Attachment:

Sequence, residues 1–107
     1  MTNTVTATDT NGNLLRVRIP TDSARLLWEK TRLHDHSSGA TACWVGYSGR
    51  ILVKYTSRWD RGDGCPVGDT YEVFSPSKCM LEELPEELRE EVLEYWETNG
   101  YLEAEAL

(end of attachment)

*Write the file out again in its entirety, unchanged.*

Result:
Sequence, residues 1–107
     1  MTNTVTATDT NGNLLRVRIP TDSARLLWEK TRLHDHSSGA TACWVGYSGR
    51  ILVKYTSRWD RGDGCPVGDT YEVFSPSKCM LEELPEELRE EVLEYWETNG
   101  YLEAEAL